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PEP Feb 2004
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Public Employee Press

DC 37 remembers Martin Luther King Jr.

   
 

CANDLELIGHT illuminates faces of members participating Jan. 8 in Political Action Committee’s annual commemoration of slain civil rights leader Martin Luther King Jr., who would have been 75 this year.

 

By DIANE S. WILLIAMS

In the soft glow of a candlelit memorial, the flames of freedom were re-ignited as more than 250 DC 37 members gathered Jan. 8 to commemorate the birthday of slain civil rights leader Martin Luther King Jr.

“Dr. King died fighting for dignity for black sanitation workers and we cannot take his sacrifice for granted,” said DC 37 Executive Director Lillian Roberts. “He gave us the power to speak out when others remained silent.”

The event was sponsored by the DC 37 Political Action Committee to celebrate the life of Dr. King, who would have turned 75 on Jan. 15, had he lived. Dr. King was assassinated April 4, 1968 while in Memphis to support a sanitation strike led by DC 37’s national union, AFSCME. His nonviolent battle for justice brought world attention to the plight of Blacks and the poor. The Memphis garbage workers were bargaining for basic union representation and long-overdue raises, which they eventually won along with equal treatment and dignity on the job.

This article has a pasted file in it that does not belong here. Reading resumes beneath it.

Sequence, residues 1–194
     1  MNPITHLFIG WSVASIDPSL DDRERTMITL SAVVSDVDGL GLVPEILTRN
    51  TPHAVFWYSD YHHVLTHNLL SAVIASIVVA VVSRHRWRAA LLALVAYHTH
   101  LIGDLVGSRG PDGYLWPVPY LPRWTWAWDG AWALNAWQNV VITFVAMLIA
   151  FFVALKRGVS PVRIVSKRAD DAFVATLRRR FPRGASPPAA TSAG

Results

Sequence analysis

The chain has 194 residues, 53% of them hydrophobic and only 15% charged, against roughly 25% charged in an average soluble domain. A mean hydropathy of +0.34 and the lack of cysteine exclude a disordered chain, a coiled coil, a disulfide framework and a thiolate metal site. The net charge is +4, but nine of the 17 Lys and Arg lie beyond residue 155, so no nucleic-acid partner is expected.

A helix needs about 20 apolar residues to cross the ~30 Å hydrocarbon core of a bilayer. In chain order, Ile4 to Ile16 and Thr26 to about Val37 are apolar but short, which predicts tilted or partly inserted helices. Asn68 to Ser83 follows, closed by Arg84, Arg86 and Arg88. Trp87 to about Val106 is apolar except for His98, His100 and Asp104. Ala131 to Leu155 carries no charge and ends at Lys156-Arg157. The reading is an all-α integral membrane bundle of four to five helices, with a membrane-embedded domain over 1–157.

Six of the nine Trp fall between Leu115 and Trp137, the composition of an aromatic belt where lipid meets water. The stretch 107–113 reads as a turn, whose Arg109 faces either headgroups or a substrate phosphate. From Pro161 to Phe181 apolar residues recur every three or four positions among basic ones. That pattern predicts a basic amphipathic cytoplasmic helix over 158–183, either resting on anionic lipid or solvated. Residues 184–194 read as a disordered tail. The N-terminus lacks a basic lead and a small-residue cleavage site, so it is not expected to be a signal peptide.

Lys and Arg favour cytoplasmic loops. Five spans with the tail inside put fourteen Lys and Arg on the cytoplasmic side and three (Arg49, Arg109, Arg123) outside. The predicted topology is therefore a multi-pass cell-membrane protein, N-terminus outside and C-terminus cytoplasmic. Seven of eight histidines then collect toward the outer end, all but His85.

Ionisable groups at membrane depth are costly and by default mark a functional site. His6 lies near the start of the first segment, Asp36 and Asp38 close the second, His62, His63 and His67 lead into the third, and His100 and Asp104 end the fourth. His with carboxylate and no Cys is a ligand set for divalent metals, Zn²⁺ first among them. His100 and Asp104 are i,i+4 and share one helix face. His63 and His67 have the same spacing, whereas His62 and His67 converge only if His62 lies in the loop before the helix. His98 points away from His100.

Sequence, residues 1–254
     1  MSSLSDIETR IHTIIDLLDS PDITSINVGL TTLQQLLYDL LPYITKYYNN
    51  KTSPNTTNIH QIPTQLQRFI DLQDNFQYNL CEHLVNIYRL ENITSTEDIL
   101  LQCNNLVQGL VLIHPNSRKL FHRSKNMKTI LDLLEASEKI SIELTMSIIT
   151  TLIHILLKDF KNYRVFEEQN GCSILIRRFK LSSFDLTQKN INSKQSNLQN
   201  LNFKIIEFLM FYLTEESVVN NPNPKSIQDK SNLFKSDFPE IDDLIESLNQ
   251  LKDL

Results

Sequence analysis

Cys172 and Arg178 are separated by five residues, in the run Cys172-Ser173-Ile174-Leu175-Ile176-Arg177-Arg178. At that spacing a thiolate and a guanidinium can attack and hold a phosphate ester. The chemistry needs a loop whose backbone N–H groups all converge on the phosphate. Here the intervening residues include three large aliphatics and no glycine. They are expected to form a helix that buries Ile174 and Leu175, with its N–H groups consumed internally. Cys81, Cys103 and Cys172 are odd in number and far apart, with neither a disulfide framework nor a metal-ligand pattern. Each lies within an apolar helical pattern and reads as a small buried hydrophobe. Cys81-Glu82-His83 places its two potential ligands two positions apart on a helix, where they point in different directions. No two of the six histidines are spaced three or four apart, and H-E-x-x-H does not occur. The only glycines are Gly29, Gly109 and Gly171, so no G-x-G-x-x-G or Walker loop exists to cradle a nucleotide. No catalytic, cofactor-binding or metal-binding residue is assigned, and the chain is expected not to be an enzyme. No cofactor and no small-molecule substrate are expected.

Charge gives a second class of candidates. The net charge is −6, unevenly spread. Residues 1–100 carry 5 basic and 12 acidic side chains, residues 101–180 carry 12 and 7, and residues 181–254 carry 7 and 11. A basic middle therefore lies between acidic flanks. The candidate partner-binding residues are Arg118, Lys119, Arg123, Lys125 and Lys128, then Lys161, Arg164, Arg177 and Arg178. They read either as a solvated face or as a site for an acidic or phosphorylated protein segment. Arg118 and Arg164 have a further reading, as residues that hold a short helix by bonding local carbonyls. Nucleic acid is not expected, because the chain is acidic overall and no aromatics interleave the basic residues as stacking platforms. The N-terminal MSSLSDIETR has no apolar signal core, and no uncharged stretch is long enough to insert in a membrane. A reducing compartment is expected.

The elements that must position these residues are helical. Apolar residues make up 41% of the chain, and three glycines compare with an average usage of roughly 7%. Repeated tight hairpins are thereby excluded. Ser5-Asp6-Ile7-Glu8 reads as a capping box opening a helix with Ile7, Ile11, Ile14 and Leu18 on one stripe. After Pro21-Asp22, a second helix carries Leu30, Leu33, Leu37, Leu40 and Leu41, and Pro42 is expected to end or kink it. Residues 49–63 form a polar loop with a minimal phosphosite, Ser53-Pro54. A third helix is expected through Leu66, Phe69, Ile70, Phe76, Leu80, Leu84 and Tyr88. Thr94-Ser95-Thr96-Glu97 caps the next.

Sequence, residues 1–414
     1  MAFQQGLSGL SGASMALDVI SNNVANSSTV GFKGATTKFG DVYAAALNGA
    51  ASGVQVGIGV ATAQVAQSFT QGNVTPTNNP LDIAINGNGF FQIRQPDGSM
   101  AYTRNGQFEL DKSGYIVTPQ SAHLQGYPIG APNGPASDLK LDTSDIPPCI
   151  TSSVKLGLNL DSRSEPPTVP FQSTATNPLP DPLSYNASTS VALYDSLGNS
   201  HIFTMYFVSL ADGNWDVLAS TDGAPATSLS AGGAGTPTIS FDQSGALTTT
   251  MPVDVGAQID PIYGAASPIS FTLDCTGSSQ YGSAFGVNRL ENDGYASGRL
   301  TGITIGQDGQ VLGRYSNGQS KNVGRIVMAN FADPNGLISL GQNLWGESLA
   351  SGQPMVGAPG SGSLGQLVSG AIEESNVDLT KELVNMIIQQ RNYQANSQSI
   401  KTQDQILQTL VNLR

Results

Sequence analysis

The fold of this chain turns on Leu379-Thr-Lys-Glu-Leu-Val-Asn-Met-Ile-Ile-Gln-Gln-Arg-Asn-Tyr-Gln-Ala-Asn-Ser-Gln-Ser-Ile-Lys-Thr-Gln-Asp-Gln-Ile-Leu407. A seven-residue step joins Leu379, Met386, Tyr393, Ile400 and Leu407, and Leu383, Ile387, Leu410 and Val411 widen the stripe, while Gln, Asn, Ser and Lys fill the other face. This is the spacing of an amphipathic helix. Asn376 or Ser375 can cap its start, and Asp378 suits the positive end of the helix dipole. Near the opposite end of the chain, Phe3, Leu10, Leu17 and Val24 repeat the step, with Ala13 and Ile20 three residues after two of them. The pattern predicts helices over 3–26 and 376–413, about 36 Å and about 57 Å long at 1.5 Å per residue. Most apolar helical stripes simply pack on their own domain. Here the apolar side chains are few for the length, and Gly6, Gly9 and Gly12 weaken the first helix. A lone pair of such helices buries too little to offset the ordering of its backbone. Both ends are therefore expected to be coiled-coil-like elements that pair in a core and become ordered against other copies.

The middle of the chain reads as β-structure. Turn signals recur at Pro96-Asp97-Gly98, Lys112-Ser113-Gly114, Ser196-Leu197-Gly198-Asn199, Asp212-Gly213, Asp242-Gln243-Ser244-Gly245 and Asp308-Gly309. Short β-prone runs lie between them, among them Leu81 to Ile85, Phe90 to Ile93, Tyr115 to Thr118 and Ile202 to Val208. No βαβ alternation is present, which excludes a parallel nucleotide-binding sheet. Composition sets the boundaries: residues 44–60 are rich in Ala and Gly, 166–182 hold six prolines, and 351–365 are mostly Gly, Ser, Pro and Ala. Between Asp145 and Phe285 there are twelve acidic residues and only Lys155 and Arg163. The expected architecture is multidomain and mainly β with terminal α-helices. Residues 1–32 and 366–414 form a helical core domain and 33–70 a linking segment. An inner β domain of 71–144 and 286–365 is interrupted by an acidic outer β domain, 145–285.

“Dr. King forced America to look at itself honestly,” said guest speaker Brooklyn Borough President Marty Markowitz. “His words of brilliance overcame ignorance.”

Mr. Markowitz compared the challenges overcome by the civil rights movement to those working families face today: Economic inequality, the threat of privatization and the Patriot Act, which cuts into basic civil liberties, threaten to eliminate the freedoms Dr. King fought for, Mr. Markowitz said.

John Rainbow, a member of Local 1549, led the crowd in singing “We Shall Overcome,” the spiritual that galvanized the movement. DC 37 members from 56 locals, their children and the presidents of Locals 372, 420, 957, 1070, 1113, 1320, 1407, 1549, 1655, and 2021 attended the union’s traditional candlelight vigil.

Dr. King forced America to uphold the ideals and promises of the Constitution. Ms. Roberts said, “The King legacy is an unforgettable part of our reality.”

 

 
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